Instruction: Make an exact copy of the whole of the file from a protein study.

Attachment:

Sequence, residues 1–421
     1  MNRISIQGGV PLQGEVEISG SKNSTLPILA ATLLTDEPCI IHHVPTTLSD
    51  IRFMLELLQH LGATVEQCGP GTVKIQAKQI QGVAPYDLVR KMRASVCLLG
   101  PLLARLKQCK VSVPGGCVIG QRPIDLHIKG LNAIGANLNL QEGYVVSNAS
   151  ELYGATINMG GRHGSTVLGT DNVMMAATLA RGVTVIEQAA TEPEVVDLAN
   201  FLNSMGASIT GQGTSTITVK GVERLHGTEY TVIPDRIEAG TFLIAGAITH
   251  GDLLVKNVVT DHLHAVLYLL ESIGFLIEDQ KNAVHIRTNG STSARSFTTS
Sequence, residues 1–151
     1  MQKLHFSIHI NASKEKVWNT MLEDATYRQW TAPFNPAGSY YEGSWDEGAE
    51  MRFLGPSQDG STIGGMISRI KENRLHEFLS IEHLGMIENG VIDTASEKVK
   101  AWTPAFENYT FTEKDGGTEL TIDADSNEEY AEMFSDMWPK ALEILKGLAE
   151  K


Sequence, residues 1–421
     1  MNRISIQGGV PLQGEVEISG SKNSTLPILA ATLLTDEPCI IHHVPTTLSD
    51  IRFMLELLQH LGATVEQCGP GTVKIQAKQI QGVAPYDLVR KMRASVCLLG
   101  PLLARLKQCK VSVPGGCVIG QRPIDLHIKG LNAIGANLNL QEGYVVSNAS
   151  ELYGATINMG GRHGSTVLGT DNVMMAATLA RGVTVIEQAA TEPEVVDLAN
   201  FLNSMGASIT GQGTSTITVK GVERLHGTEY TVIPDRIEAG TFLIAGAITH
   251  GDLLVKNVVT DHLHAVLYLL ESIGFLIEDQ KNAVHIRTNG STSARSFTTS
Sequence, residues 1–151
     1  MQKLHFSIHI NASKEKVWNT MLEDATYRQW TAPFNPAGSY YEGSWDEGAE
    51  MRFLGPSQDG STIGGMISRI KENRLHEFLS IEHLGMIENG VIDTASEKVK
   101  AWTPAFENYT FTEKDGGTEL TIDADSNEEY AEMFSDMWPK ALEILKGLAE
   151  K